Monday, December 08, 2008

Cranky Old Man Discusses New Music


Girl Talk: What the fuck is this shit?

In my day, DJs used samples to serve the song, not be the song. And they at least had an MC to provide some original content.

If you look at what someone like Grandmaster Flash was doing back in the early 80s and what Girl Talk is doing now it might be similar of the surface but it terms of creativity it's miles apart. It's not like digging through crates to find records to sample and getting a funky drum break from the Steve Miller Band or something. Girl Talk isn't Ultimate Breaks and Beats. It's all songs people know! It's a bunch of ringtones spliced together.

Are we so bereft of ideas? Are our attention spans so short? Is the motto of the current generation of music makers "why be creative when you can be clever?"

And what's with the new Kayne West album? Has he been listening to the Postal Service non-stop or something? And look, I know the guy has the freedom to do whatever he wants with his records, something any pop artist would be lucky to get, and I commend for not simply repeating the formula which gave him the most commercial success but, come on, give the Auto-Tune a rest, will ya? I don't even think Kayne has to sing on his own records. Couldn't he just give someone a call who can actually carry a tune and have them sing on the album? All these hip hop guys seem to have a hard-on for Chris Martin anyway. Imagine the crossover appeal!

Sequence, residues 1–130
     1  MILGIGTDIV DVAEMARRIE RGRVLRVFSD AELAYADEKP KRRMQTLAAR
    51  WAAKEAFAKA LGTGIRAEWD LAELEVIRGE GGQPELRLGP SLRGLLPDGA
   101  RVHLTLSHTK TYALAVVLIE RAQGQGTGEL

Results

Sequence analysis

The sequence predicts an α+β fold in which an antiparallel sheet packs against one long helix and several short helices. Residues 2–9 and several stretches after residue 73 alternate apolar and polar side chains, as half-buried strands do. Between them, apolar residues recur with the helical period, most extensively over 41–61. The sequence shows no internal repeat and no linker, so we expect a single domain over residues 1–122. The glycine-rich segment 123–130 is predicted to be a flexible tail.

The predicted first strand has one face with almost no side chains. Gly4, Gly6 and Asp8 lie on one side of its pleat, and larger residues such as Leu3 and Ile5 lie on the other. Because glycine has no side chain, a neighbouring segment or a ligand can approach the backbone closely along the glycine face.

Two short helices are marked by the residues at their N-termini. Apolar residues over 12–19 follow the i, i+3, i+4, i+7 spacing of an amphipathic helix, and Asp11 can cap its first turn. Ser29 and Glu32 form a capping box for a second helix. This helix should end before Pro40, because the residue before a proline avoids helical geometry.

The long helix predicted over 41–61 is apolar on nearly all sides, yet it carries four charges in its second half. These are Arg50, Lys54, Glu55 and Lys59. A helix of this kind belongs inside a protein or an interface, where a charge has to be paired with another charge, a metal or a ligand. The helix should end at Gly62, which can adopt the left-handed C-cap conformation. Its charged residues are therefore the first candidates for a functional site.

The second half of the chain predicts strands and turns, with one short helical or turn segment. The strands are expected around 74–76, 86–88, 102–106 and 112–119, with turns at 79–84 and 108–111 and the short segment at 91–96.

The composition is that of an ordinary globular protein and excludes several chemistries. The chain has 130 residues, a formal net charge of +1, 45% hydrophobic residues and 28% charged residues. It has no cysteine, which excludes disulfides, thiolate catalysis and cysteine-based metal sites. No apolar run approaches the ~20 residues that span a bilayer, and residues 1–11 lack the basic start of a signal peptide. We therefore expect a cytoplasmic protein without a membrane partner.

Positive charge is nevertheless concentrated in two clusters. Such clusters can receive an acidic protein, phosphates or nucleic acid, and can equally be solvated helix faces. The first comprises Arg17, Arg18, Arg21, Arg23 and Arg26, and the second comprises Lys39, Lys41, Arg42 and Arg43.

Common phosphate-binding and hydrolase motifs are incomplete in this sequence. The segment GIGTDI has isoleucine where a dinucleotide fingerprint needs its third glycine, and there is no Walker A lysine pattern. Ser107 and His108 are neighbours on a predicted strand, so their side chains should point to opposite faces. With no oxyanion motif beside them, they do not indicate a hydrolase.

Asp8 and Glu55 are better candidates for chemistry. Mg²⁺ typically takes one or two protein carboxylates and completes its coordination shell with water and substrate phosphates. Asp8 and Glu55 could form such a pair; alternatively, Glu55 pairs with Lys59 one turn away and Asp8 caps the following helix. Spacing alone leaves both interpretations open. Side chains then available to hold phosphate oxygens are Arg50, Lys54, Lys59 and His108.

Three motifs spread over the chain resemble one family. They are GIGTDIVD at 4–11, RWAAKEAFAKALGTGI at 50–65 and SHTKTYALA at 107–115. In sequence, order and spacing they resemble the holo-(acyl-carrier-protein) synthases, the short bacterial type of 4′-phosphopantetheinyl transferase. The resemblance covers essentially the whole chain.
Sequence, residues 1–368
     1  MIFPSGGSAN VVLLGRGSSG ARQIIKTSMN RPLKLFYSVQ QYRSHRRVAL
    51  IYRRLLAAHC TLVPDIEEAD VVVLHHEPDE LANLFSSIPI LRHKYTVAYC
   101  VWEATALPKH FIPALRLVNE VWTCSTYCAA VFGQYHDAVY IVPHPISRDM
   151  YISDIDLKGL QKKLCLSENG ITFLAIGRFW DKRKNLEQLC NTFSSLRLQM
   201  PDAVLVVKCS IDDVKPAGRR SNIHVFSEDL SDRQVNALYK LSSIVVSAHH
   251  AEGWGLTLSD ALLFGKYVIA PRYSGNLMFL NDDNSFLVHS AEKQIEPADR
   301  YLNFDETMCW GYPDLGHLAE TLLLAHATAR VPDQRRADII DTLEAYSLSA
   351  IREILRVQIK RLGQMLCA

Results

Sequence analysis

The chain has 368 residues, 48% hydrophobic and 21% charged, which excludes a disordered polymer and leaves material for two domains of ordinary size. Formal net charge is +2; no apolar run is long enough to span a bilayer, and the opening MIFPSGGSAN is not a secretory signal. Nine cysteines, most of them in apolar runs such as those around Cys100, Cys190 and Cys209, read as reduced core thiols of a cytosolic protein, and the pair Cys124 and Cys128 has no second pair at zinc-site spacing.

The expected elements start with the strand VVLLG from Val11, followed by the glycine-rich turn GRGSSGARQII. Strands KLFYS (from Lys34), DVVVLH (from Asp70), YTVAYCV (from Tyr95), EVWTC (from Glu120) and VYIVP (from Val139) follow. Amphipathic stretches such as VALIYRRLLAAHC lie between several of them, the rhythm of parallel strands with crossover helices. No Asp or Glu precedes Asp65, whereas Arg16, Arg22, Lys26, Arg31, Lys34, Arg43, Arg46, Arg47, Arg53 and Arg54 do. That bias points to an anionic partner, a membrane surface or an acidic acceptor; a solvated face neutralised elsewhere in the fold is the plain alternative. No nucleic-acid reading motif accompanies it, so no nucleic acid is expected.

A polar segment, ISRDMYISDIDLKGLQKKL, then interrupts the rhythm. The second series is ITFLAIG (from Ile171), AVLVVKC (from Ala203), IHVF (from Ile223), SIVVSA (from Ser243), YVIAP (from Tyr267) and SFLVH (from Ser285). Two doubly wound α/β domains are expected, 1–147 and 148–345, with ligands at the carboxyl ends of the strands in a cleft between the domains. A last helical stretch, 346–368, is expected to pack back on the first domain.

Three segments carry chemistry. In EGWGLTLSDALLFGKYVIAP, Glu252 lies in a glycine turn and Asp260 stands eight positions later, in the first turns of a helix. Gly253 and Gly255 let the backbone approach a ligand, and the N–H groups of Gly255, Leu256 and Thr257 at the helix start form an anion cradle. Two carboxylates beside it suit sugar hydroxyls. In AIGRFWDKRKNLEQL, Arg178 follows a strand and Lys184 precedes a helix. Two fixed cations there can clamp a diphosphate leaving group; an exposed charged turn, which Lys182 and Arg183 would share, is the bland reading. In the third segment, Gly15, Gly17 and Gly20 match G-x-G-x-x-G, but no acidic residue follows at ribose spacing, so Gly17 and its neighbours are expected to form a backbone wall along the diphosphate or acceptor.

I do like the new Beyoncé single though. Maybe not enough to put a ring on it, but still...

6 comments:

Brushback said...

"It's all songs people know! It's a bunch of ringtones spliced together."

That's a laff-riot

Tim Duffy said...

I would equate what Girl Talk does as more Eno/Byrne, Bomb Squad, Prince Paul or 'Paul's Boutique' period Dust Brothers. It is an overwhelming sample collage. The music plays on the fact that everyone knows the songs, it's the anti-crate digging. It's far more original than any number of my favorite bands that just play a couple of the same chords with the same song arrangements people have been using since the Nuggets era. What a crank!

PB said...

Tim,

First of all, I would not at all equate Girl Talk with Prince Paul, the Bomb Squad et al. I was actually going to use the Dust Brothers specially along with Flash as an example of creative sampling but I thought that would be overstating the obvious. I guess not.

Secondly, you call Girl Talk the "anti-crate digging" and state that he plays on the familiarity of his samples. Then immediately after that, you praise his originality. How can one be familiar and original, especially if the aspect of familiarity is as integral as you say it is? That's a total contradiction in terms.

Finally, as for your favorite bands who are recycling Nuggets song arrangements... well, I don't know to whom you're referring exactly. However, I will say that coming up with a distinctive musical identity using only standard (and familiar) rock instrumentation is a far greater accomplishment and demonstrates more originality than reformatting something that millions of people (literally) already know.

Tim Duffy said...

I think you miss the point of Girl Talk's records and that's not surprising.